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knave +‎ -ery

NounEdit

knavery (countable and uncountable, plural knaveries)

  1. The (mis)behaviour of a knave, boyish mischief.
    • c. 1598, William Shakespeare, Henry V, Act IV, Scene 7,[1]
      [] Harry Monmouth, being in his right wits and his good judgments, turned away the fat knight with the great belly-doublet: he was full of jests, and gipes, and knaveries, and mocks; I have forgot his name.
    • 1820, Washington Irving, “Christmas Eve” in The Sketch Book of Geoffrey Crayon, Gent., London: John Murray, new edition, 1821, Volume 2, p. 39,[2]
      The young Oxonian, on the contrary, had led out one of his maiden aunts, on whom the rogue played a thousand little knaveries with impunity; he was full of practical jokes, and his delight was to tease his aunts and cousins; yet, like all madcap youngsters, he was a universal favourite among the women.
  2. Deceit, an unprincipled action.
    • c. 1604, William Shakespeare, Othello, Act I, Scene 3,[3]
      Cassio’s a proper man: let me see now:
      To get his place and to plume up my will
      In double knavery—How, how? Let’s see:—
    • 1720, Daniel Defoe, Captain Singleton, London: J. Brotherton et al., pp. 67-68,[4]
      [] as our little Traffick with the Natives was hitherto upon the Faith of their first Kindness, we found some Knavery among them at last; for having bought some Cattel of them for our Toys [] one of our Men differing with his Chapman, truly they huff’d him in their Manner, and keeping the things he had offered them for the Cattel, made their Fellows drive away the Cattel before his Face, and laugh at him []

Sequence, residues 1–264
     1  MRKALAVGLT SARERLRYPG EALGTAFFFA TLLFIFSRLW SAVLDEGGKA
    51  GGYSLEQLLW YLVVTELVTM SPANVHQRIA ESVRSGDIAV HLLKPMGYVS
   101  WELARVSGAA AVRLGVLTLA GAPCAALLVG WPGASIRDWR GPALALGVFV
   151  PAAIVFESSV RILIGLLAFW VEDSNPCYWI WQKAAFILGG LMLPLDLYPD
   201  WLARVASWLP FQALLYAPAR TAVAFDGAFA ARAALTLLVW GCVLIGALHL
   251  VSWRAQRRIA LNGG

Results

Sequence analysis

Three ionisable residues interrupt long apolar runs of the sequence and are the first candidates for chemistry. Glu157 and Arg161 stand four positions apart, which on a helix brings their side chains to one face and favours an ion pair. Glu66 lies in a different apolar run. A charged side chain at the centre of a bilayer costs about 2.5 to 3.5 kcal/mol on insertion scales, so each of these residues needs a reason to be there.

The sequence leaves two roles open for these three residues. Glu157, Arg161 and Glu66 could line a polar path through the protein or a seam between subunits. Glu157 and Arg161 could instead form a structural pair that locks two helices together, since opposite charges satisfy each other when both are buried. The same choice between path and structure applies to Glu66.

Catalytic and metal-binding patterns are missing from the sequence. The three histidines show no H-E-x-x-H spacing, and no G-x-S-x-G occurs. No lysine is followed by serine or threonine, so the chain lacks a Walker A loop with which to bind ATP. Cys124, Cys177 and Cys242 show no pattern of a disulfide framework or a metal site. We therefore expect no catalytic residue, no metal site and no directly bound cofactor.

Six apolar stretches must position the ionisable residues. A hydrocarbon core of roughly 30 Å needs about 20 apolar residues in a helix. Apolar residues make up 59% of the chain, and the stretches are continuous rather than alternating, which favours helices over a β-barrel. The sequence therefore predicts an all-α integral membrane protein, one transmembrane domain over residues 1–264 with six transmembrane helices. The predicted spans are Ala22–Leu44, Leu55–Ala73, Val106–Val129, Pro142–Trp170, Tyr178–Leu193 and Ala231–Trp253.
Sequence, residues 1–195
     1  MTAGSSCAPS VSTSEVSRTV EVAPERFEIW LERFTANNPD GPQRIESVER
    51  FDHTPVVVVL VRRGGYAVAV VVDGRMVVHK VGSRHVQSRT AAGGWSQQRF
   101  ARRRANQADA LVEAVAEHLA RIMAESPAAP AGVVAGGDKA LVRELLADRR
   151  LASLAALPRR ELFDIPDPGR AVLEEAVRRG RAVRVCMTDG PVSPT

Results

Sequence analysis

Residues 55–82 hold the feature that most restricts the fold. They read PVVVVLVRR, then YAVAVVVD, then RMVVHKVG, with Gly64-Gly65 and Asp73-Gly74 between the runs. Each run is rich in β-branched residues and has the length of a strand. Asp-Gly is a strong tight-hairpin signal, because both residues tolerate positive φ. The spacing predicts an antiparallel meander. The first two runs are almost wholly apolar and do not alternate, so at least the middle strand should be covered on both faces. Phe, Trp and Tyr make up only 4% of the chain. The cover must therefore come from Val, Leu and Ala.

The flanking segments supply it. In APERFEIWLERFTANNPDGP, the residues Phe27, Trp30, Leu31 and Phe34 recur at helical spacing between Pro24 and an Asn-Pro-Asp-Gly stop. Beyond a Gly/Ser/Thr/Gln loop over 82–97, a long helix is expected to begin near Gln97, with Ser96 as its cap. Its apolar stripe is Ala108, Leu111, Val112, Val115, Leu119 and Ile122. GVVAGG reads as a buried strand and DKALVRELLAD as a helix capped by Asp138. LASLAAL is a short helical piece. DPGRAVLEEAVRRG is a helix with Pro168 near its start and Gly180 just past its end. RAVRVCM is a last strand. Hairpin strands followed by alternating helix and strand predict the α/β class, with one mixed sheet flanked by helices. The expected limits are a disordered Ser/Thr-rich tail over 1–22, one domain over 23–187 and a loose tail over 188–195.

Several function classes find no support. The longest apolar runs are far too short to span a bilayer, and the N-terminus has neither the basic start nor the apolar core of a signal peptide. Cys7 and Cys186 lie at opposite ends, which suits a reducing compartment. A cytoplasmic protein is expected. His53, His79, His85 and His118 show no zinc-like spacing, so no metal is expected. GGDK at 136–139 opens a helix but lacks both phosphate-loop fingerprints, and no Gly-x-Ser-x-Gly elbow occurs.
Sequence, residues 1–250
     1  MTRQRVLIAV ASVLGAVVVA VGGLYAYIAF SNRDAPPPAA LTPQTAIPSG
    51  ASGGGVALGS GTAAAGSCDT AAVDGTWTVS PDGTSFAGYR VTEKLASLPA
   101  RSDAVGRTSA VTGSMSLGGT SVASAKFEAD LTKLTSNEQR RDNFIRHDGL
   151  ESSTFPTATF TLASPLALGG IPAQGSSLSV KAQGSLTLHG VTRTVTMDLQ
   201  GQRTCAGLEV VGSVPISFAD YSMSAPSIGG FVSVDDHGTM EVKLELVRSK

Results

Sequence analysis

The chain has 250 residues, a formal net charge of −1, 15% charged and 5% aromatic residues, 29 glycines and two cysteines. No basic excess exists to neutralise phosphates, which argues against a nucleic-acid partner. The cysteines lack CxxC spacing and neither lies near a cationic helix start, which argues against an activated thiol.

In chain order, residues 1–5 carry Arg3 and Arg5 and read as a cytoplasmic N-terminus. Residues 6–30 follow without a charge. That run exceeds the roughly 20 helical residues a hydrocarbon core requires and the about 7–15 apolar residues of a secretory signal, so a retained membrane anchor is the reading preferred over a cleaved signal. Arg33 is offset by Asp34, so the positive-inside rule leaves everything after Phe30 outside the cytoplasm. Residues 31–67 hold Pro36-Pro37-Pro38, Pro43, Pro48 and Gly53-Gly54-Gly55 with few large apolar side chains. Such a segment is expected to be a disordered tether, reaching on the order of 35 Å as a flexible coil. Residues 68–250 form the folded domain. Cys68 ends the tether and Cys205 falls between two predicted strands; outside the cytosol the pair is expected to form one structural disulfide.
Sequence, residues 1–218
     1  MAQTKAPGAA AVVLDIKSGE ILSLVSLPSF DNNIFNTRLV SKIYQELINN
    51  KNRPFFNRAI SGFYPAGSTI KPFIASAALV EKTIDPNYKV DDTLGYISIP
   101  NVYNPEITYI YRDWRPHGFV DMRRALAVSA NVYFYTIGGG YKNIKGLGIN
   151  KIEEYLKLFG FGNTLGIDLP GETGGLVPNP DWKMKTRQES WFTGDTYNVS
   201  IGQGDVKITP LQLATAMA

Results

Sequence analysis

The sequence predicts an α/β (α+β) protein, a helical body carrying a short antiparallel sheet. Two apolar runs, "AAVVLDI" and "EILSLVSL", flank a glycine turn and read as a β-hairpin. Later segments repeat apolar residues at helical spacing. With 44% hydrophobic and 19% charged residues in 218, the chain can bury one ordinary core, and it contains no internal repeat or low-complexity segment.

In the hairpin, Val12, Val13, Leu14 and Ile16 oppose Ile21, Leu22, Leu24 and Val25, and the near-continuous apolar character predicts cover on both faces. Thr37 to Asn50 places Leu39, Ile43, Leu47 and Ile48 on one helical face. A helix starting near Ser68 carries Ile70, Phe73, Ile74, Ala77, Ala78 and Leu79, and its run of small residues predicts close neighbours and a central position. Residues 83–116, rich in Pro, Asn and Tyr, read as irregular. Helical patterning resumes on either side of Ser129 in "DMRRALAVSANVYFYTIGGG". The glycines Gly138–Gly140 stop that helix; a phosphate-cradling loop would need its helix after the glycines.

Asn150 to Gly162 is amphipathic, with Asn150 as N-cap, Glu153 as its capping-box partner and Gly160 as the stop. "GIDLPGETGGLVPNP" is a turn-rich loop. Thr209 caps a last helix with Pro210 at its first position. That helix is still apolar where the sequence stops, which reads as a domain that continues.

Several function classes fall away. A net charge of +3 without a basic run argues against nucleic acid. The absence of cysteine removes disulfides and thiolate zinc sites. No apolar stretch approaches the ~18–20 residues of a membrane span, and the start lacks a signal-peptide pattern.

• 1748, David Hume, An Enquiry Concerning Human Understanding Section X, Part II, in Essays and Treatises on Several Subjects, London: A. Millar, 1758, p. 351,[5]
      He considered justly, that it was not requisite, in order to reject a fact of this nature, to be able accurately to disprove the testimony, and to trace its falshood, thro’ all the circumstances of knavery and credulity, which produced it.
    • 1840, Thomas Carlyle, On Heroes, Hero-Worship, and The Heroic in History, London: Chapman & Hall, Lecture 6, p. 184,[6]
      I esteem the modern error, That all goes by self-interest and the checking and balancing of greedy knaveries, and that, in short, there is nothing divine whatever in the association of men, a still more despicable error, natural as it is to an unbelieving century, than that of a ‘divine right’ in people called Kings.

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